The author, Janie Chang, is an award-winning author. Dragon Springs Road is her second novel. Here is her bio from her website:

Janie Chang draws upon family history for her novels. She grew up listening to stories about ancestors who encountered dragons, ghosts, and immortals, and about life in a small Chinese town in the years before the Second World War.
She is a graduate of The Writer’s Studio at Simon Fraser University. She is also the founder and main organizer of Canadian Authors for Indies, a national day of support by authors for independent bookstores. 
Born in Taiwan, Janie has lived in the Philippines, Iran, Thailand, and New Zealand.  She now lives in beautiful Vancouver, Canada.
Her first novel, THREE SOULS, was a finalist for the 2014 BC Book Prizes Ethel Wilson Fiction Prize and one of 9 Canadian books long-listed for the 2015 IMPAC Dublin Literary Award. Her second novel, DRAGON SPRINGS ROAD, was released in January 2017.

 If you're interested in Janie's stories about her ancestors and family, click here to read.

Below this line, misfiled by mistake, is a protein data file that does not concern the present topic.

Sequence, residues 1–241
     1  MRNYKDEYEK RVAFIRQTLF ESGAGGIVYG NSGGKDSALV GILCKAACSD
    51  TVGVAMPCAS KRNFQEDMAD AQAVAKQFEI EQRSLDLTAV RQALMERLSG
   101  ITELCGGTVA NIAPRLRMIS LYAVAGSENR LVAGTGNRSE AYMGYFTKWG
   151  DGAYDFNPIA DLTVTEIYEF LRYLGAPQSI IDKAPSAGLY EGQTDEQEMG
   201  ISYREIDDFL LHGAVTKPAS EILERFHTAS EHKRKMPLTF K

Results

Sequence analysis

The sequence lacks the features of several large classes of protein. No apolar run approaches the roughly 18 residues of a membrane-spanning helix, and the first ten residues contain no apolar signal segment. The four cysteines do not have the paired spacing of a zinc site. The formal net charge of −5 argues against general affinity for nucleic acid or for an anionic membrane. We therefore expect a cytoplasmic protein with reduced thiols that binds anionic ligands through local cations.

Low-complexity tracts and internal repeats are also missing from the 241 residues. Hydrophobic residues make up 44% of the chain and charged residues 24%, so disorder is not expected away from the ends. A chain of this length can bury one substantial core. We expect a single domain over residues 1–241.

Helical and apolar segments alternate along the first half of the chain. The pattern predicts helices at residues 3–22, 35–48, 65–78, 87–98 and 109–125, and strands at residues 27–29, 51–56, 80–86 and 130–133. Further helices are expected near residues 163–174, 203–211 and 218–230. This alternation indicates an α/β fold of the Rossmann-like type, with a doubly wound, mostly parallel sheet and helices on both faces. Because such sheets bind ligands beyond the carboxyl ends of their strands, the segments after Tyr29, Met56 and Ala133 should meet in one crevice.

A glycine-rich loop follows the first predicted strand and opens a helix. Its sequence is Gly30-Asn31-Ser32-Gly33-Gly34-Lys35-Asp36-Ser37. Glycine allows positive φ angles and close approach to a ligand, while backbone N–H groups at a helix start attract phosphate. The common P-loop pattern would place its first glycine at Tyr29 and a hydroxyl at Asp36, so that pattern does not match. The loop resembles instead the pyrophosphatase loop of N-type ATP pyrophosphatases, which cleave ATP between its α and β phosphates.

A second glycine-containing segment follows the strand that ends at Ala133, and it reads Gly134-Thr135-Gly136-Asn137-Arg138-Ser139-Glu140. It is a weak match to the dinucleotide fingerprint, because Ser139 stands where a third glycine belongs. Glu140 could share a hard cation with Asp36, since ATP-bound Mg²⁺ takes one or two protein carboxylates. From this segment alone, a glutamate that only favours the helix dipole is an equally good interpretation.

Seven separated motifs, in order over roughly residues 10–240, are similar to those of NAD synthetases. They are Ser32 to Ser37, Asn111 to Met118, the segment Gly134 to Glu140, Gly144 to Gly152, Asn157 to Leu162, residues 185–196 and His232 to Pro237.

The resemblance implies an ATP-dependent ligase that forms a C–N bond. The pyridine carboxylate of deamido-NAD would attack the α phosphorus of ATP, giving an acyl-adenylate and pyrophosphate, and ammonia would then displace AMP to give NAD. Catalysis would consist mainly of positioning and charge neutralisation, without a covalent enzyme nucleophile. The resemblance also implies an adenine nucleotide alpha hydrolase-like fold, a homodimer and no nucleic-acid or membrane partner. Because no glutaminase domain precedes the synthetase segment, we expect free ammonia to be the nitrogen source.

Sunday, March 26, 2017

April the Giraffe

For a few weeks now there has been global attention on a private zoo in upstate New York, The Animal Adventure Park in Harpursville, NY where April and her mate Oliver, reticulated giraffes, are expecting a calf, April's 4th and Oliver's 1st.

There is a live-streaming YouTube Channel where fans can watch the birth when it begins, although they tell us that the video will be turned off at the moment of birth until the vet can be certain that both April and the new calf are ok. 

Every day that goes by is another day closer to a new-born giraffe.

Watch the live streaming action HERE. April also has her own website at

Thursday, March 23, 2017

A Limerick for Mathematicians

St. Patrick's Day is over, but here's a limerick anyway. It's an oldie but goodie.

A dozen, a gross and a score
plus three times the root of four
divided by seven
plus five times eleven
is nine squared and not a bit more